Osman Kavala, a Turkish businessman and activist who has been held in pretrial detention since November 2017, has written an open letter from İstanbul’s Silivri Prison in which he said thousands of people in detention have been waiting for months in uncertainty for the preparation of their indictments.
Kavala also wrote, “Unless the presumption of innocence is embraced as the key element of the judicial process from the beginning, this imbalance will persist.”
Detained upon his arrival at İstanbul Atatürk Airport late on Oct 18, Kavala is accused of “attempting to abolish the constitutional order” and “attempting to remove the government of the Turkish Republic,” according to reports in the Turkish media.
The media also said Kavala is under investigation in the same probe that led to the jailing of US Consulate General employee Metin Topuz over alleged ties to the Gülen movement on Oct 4, 2017.
Kavala was born in 1957 in Paris and studied economics at the University of Manchester. Upon his father’s passing in 1982, he took over management of the Kavala Companies. He was active in the establishment of a number of business organizations in Turkey, including Turkish-Polish and Turkish-Greek business councils and the Association of Tourism Investors.
The full text of Kavala’s letter is as follows:
The sixth month of my pre-trial detention in Silivri was completed on May 1. We are waiting for the indictment.
As the presumption of innocence constitutes one of the fundamental elements of the right to a fair trial, the norms of the European Convention on Human Rights and the European Court of Human Rights rulings do not consider “strong suspicion” sufficient for pre-trial detention, which is an extraordinary measure; they require the presence of clear and convincing evidence.
Yet, the situation is different in our country. Once the prosecutor presents a crime that requires a heavy sentence, the judge feels obligated to rule for pre-trial detention. The decisions that are given in the absence of sufficient evidence also affect the process of the preparation of an indictment.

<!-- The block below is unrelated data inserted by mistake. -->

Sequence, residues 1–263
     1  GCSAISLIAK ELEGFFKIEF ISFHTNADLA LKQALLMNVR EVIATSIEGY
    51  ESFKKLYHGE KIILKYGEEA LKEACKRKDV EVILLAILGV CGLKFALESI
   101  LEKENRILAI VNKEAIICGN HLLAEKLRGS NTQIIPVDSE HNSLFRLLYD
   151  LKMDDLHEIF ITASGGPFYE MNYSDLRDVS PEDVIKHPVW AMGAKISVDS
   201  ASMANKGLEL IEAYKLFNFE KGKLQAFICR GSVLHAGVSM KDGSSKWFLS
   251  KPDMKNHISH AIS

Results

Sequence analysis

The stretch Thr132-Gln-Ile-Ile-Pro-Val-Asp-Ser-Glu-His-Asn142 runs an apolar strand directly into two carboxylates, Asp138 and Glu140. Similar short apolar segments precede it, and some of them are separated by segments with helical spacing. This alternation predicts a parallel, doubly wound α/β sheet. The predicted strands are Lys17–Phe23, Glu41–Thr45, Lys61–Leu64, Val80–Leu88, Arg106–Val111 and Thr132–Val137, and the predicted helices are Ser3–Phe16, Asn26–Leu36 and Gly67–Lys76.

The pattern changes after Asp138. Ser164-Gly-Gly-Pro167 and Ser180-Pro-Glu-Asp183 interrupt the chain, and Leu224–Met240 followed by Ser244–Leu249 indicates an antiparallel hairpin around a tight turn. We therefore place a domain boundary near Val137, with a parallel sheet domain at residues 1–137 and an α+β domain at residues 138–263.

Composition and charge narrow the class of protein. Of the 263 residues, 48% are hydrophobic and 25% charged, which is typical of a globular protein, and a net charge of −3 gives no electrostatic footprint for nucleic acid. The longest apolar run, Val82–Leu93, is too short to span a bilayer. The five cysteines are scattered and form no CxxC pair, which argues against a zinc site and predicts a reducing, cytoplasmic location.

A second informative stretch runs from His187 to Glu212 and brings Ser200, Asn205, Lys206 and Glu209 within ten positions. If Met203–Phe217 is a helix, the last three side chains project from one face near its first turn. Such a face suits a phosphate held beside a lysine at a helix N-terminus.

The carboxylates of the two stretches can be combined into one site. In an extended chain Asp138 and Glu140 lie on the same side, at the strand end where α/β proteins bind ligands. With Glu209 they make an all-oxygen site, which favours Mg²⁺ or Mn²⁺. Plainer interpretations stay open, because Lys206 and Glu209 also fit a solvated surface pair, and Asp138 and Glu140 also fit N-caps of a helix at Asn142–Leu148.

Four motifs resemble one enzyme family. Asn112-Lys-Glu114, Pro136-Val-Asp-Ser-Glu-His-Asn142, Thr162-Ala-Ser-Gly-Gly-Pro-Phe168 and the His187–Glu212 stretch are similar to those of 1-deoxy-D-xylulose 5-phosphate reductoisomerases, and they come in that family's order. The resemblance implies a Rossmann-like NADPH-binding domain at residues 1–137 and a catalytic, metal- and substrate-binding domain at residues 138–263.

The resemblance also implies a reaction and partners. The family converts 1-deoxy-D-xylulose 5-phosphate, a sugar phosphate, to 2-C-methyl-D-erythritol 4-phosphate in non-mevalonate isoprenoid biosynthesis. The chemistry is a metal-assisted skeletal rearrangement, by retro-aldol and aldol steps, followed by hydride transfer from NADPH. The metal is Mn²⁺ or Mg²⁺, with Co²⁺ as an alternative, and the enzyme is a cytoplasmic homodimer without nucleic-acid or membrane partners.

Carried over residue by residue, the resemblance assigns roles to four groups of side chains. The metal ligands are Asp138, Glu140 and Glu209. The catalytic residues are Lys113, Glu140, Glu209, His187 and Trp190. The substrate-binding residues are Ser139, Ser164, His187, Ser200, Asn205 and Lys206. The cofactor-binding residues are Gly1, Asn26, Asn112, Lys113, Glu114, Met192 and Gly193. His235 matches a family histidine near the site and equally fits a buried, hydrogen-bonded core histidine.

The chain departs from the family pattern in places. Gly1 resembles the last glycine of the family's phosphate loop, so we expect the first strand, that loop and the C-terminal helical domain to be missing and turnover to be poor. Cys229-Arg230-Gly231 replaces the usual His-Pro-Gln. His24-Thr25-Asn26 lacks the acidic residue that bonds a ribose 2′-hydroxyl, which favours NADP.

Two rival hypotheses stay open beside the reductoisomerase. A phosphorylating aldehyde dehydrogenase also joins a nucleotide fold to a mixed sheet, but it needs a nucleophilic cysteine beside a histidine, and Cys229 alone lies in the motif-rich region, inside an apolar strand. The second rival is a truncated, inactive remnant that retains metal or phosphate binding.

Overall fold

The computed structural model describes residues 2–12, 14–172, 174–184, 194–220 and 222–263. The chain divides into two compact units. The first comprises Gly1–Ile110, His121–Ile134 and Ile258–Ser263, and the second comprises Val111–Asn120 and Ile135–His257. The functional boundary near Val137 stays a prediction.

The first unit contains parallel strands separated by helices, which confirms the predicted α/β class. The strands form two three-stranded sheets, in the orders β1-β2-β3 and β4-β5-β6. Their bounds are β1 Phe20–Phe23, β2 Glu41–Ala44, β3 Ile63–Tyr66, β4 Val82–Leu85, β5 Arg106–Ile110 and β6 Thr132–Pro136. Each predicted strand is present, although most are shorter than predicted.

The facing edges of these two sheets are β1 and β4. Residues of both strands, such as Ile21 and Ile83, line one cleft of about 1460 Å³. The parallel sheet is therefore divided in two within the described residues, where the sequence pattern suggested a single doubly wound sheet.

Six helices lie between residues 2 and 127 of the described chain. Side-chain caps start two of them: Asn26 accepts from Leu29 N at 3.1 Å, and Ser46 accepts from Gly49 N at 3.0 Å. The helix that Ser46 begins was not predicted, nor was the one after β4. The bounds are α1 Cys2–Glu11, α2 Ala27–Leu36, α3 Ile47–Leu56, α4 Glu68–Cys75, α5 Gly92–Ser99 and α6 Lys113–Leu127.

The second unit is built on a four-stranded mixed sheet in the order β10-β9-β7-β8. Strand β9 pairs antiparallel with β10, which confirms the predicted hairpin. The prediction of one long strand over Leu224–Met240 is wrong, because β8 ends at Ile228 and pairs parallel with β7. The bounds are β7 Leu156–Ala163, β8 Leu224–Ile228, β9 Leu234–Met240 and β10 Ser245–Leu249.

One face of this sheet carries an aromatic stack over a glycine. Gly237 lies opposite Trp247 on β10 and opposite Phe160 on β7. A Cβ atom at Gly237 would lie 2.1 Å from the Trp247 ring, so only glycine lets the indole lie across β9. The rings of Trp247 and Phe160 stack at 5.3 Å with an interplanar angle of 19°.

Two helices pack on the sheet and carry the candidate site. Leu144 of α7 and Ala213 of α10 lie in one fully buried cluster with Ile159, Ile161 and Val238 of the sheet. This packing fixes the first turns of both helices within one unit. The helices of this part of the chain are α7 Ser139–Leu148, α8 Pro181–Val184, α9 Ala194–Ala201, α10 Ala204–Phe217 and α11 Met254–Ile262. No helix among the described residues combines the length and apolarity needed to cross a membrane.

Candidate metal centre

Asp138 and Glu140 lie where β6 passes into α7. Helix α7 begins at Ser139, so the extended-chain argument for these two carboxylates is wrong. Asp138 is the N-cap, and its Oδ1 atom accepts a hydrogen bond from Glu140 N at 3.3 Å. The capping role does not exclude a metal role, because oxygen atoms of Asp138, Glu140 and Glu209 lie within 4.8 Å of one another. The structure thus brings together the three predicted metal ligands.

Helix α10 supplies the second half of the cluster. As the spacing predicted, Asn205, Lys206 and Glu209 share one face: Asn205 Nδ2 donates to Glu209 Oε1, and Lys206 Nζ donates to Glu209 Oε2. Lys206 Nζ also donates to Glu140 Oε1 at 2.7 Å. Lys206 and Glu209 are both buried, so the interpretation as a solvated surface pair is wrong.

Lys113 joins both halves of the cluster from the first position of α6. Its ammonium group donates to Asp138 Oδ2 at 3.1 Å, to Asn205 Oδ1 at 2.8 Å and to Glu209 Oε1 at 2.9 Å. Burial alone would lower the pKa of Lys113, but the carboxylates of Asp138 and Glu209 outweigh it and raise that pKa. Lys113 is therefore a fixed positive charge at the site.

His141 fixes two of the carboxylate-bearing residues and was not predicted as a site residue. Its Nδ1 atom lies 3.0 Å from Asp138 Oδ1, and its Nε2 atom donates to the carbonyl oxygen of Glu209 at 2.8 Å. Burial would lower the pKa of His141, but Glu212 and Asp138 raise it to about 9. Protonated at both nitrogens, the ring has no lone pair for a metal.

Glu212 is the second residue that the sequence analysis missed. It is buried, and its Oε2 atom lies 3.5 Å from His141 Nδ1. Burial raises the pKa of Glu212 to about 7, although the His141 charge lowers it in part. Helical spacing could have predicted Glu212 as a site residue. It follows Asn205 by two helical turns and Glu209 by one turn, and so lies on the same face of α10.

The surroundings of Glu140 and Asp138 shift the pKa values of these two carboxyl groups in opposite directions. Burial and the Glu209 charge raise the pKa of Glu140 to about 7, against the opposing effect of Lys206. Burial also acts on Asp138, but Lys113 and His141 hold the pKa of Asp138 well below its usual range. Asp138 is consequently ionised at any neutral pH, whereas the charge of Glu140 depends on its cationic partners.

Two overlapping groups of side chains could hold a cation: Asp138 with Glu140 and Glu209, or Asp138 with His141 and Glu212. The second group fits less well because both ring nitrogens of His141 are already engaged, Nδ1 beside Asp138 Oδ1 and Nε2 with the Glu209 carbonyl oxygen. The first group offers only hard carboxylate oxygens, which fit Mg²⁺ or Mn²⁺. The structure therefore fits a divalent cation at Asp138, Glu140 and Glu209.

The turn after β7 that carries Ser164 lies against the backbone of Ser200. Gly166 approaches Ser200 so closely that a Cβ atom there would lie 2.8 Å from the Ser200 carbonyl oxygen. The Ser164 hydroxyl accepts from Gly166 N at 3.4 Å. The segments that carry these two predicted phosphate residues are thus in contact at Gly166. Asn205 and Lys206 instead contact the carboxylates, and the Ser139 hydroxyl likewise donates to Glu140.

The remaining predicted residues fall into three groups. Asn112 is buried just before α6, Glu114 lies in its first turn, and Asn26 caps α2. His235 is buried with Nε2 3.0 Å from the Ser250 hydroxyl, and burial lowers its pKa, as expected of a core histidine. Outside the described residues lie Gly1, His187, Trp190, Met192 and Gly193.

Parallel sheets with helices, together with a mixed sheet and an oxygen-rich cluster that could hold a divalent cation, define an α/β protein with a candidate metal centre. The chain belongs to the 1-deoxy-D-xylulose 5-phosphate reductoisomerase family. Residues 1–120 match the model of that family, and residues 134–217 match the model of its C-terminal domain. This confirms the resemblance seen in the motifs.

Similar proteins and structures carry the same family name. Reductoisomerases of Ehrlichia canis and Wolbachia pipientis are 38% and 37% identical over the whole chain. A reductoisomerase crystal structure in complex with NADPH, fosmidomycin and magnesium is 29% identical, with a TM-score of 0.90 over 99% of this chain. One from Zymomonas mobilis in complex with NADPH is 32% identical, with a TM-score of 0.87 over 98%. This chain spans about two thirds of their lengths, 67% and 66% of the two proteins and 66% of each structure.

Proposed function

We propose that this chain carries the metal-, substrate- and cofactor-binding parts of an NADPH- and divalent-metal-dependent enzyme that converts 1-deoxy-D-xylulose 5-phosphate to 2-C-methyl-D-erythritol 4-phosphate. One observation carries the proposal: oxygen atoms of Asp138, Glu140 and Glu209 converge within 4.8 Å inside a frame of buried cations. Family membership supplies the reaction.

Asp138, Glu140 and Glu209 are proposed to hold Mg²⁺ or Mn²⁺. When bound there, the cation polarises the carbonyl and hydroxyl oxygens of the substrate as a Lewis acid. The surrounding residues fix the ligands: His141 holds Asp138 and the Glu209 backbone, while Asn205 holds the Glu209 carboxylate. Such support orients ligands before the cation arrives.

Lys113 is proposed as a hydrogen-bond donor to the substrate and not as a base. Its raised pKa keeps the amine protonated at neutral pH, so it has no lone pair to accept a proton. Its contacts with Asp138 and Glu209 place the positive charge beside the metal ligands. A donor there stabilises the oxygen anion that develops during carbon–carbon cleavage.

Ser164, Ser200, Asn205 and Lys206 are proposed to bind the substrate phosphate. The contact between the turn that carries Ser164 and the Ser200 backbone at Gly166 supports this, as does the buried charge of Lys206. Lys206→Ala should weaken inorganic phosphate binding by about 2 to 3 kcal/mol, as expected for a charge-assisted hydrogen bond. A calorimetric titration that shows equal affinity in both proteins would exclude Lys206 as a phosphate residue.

The effort to justify the decision of detention through collection of evidence after the detention takes place renders the entire process long and troublesome. As the time for preparation of the indictment grows longer, the pre-trial detention period is also extended. And the cost of the suspect’s deprivation of their liberty with respect to the sentence they will receive passes beyond the remediable level.
The number of those waiting for months in uncertainty for the preparation of their indictments while under detention, just like me, is not few. This situation indicates an imbalance in the fair trial mechanism. Unless the presumption of innocence is considered the fundamental component of the judicial process, this imbalance will persist.
Osman Kavala, 14 May 2018
Turkey survived a controversial military coup attempt on July 15, 2016 that killed 249 people. Immediately after the putsch, the Justice and Development Party (AKP) government along with President Recep Tayyip Erdoğan pinned the blame on the Gülen movement.
Fethullah Gülen, who inspired the movement, strongly denied having any role in the failed coup and called for an international investigation into it, but President Erdoğan — calling the coup attempt “a gift from God” — and the government initiated a widespread purge aimed at cleansing sympathizers of the movement from within state institutions, dehumanizing its popular figures and putting them in custody.
Turkey has suspended or dismissed more than 150,000 judges, teachers, police and civil servants since July 15. On December 13, 2017 the Justice Ministry announced that 169,013 people have been the subject of legal proceedings on coup charges since the failed coup.
Turkish Interior Minister Süleyman Soylu announced on April 18, 2018 that the Turkish government had jailed 77,081 people between July 15, 2016 and April 11, 2018 over alleged links to the Gülen movement. (SCF with turkeypurge.com)